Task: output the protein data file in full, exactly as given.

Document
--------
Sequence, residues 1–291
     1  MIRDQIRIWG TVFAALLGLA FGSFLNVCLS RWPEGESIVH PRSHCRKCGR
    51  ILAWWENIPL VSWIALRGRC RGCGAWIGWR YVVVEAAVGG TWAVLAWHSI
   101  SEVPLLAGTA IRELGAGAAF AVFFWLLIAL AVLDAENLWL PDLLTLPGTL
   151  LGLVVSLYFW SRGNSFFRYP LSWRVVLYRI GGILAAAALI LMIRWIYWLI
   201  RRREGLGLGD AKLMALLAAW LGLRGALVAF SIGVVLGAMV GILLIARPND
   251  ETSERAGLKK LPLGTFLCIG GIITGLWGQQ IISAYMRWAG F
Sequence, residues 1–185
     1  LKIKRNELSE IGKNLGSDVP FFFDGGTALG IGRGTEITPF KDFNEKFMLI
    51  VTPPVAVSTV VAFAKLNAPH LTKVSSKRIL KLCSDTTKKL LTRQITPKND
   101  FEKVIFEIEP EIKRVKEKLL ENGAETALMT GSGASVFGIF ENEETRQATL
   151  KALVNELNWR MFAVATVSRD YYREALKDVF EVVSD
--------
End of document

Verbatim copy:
Sequence, residues 1–291
     1  MIRDQIRIWG TVFAALLGLA FGSFLNVCLS RWPEGESIVH PRSHCRKCGR
    51  ILAWWENIPL VSWIALRGRC RGCGAWIGWR YVVVEAAVGG TWAVLAWHSI
   101  SEVPLLAGTA IRELGAGAAF AVFFWLLIAL AVLDAENLWL PDLLTLPGTL
   151  LGLVVSLYFW SRGNSFFRYP LSWRVVLYRI GGILAAAALI LMIRWIYWLI
   201  RRREGLGLGD AKLMALLAAW LGLRGALVAF SIGVVLGAMV GILLIARPND
   251  ETSERAGLKK LPLGTFLCIG GIITGLWGQQ IISAYMRWAG F
Sequence, residues 1–185
     1  LKIKRNELSE IGKNLGSDVP FFFDGGTALG IGRGTEITPF KDFNEKFMLI
    51  VTPPVAVSTV VAFAKLNAPH LTKVSSKRIL KLCSDTTKKL LTRQITPKND
   101  FEKVIFEIEP EIKRVKEKLL ENGAETALMT GSGASVFGIF ENEETRQATL
   151  KALVNELNWR MFAVATVSRD YYREALKDVF EVVSD